The Roar of the Fog

This is Fergus in the header picture. I’m allowing him top billing for a while. Not too long, mind you, otherwise you’ll forget me, and I couldn’t bear that. So this is his fifteen minutes of fame.

I didn’t think I’d like Fergus when I first met him. To begin with, he was furry. Then there was his pedigree. He didn’t have one. He also was humorless, all business if you know what I mean. I suppose his stint at the pound turned him into a serious dude. But then he struck it rich. He was adopted by a woman with a heart as big as the sky and he’s become almost human. I swear there are times when Fergus is sitting quietly by the window observing the fog rolling in off the ocean that he looks like a university professor.

“Calvin, did you know that fog doesn’t come on little cat feet?” he said one evening puffing on his pipe as we watched the sunset.

“That’s shattering news, dear fellow,” I said. “Here I thought cats donated their paws every evening to produce this stunning effect.” photo168.jpg

“Carl Sandburg would be disappointed at your lack of appreciation for his Fog poem.”

“Did he live in San Francisco?”

“Chicago,” Fergus said moving into the living room, circling twice on the Persian rug, and settling down.

“Then he knows nothing of fog,” I said. “Fog comes rolling in, and it descends from the top down, not the other way around.”

“So how would you describe it if you were a poet?”

I poured myself a brandy and paced the room. Fergus watched me from under his strawberry blond lashes.

I disagree with Carl Sandburg
The fog doesn’t come creeping in on little cat feet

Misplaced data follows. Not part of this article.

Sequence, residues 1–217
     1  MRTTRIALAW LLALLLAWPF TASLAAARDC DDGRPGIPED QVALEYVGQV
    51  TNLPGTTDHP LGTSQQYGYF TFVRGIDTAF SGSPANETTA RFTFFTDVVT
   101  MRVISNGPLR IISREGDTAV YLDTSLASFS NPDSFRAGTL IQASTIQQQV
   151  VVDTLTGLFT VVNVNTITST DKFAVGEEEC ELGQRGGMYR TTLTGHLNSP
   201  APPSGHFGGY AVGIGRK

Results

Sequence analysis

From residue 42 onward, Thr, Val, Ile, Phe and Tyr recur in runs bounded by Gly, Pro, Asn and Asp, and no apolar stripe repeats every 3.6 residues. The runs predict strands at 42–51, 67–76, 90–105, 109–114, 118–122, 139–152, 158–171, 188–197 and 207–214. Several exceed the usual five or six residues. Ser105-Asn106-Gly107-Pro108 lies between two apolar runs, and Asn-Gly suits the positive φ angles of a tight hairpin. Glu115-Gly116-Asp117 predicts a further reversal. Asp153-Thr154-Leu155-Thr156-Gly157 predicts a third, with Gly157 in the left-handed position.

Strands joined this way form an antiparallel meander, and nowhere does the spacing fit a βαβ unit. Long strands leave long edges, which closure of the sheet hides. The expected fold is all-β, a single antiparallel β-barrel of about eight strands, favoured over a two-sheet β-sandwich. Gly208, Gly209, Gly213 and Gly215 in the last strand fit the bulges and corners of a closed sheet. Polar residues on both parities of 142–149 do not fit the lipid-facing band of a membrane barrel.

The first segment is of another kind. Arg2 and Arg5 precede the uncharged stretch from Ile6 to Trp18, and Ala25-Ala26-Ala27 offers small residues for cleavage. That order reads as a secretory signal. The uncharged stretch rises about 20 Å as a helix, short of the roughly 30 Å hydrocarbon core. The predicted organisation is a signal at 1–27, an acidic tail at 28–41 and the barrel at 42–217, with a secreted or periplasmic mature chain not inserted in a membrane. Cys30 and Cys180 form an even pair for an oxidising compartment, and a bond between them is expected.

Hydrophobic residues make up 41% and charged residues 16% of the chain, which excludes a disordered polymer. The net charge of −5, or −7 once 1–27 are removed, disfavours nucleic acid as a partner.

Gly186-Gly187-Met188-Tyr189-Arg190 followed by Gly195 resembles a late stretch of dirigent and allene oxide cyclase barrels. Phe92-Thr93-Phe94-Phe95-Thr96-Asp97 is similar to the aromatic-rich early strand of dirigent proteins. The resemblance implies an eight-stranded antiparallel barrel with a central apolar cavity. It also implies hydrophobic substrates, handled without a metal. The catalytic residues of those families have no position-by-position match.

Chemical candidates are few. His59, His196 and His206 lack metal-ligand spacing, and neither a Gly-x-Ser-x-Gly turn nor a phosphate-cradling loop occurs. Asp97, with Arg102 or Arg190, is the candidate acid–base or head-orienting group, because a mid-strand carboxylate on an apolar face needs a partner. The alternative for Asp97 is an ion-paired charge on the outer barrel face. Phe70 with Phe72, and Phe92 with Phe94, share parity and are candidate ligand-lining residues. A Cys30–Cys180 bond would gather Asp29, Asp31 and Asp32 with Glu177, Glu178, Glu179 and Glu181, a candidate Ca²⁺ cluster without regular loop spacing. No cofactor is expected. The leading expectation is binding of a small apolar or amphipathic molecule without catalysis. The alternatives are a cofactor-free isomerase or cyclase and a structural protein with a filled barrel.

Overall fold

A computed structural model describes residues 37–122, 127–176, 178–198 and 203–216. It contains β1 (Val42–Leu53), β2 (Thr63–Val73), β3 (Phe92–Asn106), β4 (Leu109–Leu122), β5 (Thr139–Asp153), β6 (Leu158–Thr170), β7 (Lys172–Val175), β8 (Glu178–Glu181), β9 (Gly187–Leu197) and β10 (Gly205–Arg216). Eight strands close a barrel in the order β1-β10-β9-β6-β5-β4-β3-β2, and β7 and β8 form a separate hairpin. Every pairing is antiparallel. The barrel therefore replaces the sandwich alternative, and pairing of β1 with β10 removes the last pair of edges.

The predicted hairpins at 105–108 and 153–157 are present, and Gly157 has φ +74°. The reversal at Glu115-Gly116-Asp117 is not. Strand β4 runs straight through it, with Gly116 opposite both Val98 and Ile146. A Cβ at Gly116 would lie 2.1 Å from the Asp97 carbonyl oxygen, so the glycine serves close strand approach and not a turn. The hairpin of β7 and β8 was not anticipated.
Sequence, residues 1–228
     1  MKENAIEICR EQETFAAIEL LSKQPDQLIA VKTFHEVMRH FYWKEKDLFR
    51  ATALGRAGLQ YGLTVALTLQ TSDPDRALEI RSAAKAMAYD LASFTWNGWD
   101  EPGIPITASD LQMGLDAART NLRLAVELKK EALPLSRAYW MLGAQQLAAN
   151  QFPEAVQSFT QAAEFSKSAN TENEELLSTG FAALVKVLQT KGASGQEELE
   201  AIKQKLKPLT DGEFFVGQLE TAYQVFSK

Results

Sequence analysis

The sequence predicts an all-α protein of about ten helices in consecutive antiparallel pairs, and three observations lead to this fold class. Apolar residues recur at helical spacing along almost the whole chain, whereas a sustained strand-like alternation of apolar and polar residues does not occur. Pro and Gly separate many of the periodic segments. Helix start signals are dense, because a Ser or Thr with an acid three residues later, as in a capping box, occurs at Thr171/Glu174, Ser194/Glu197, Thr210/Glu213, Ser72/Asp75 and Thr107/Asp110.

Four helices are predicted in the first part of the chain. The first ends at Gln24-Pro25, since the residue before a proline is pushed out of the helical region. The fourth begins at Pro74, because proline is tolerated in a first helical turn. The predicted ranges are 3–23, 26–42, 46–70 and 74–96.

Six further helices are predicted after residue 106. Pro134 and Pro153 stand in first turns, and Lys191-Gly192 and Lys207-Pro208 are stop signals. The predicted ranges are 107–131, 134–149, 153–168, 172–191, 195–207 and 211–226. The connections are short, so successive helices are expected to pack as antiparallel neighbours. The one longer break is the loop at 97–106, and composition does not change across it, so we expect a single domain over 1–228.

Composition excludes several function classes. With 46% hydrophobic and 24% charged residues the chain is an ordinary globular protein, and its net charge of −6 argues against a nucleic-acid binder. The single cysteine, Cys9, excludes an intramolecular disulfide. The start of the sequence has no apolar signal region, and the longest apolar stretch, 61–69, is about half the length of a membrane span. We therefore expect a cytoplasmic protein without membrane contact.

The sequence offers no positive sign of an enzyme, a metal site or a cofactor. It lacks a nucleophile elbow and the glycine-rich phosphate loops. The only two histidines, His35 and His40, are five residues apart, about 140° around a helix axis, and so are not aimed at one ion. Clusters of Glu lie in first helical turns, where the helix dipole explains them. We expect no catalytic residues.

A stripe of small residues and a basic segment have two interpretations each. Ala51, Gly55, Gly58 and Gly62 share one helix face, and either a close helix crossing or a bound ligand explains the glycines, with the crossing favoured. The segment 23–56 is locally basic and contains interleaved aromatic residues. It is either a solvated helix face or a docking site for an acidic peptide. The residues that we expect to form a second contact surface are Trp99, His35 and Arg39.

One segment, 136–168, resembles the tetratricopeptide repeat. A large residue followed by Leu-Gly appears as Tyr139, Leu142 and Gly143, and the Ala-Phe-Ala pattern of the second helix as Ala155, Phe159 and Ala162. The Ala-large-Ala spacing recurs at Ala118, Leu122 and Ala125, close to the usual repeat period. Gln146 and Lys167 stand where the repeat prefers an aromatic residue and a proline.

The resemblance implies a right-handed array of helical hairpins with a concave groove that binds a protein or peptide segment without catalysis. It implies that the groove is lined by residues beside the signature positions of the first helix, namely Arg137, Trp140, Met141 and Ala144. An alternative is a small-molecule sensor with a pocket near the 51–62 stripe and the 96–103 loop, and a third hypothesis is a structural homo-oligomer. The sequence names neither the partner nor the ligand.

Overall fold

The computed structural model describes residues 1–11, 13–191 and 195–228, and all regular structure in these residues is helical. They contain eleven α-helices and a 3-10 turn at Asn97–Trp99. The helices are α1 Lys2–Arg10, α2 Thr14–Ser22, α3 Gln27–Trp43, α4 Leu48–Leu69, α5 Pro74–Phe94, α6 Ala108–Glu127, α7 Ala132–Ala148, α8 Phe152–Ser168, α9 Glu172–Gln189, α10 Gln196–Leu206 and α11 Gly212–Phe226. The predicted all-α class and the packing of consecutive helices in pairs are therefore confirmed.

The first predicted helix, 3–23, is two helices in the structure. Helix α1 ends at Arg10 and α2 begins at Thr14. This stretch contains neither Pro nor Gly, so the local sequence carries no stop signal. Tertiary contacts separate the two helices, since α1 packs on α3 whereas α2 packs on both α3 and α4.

But comes barreling down the hillside
Like a locomotive arriving into a train station.
If cats were involved
The fog would hiss and spit and claw and yowl and make a terrible fuss
Like they do every night under my window.
With arched backs and glowing eyes
They’d move in jerks and fits
Down the mountain
The fog emerging like long strands of paper
From a shredder.

My performance silenced Fergus. He puffed on his pipe and let out plumes of smoke.

I curled up into a neat heap on a silk pillow and waited.

“You live in a noisy world,” Fergus said with a sigh.

“True. What about my poem?” I said.

“It’s clear you don’t like cats.”  beagle

A Little Drama on an Ordinary Walk

sudden breeze –
the dog sniffs the hisses
of a rattle snake

 

Calvin says, “Hey, that’s me in the poem. I remember that day well. We stood overlooking the creek, in tall grasses, poppies blooming, puffy white clouds in a periwinkle sky, but I wax poetic. It was more rustic than that. All of a sudden I hear a rattle. I freeze. Every nerve in my body is on alert, ready to respond, to sniff the intruder, and then bay my guts out. I have the victim in my sight. Who cares that he’s slithering straight at me, flicking his tongue, and rattling furiously. This is drama. This is adventure. This is what I was made for. You spoiled it by screaming and yanking me away.”

“I saved your life,” I said.

“You killed the joy.”

“You’d be a dead dog,” I said.

“I’d have gone down smiling.”

“I’d have gone home crying,” I said.

“Aw. You do love me.”

Here

I spent the day writing. I felt at peace. There’s something to be said about doing what you love. Each word is baptized with energy. Time passes in a blink. If you pay close attention you can hear your soul humming.

Calvin says, “Yep. I understand deeply. It’s like following the scent of a rabbit in the woods. You know you’re born for this.”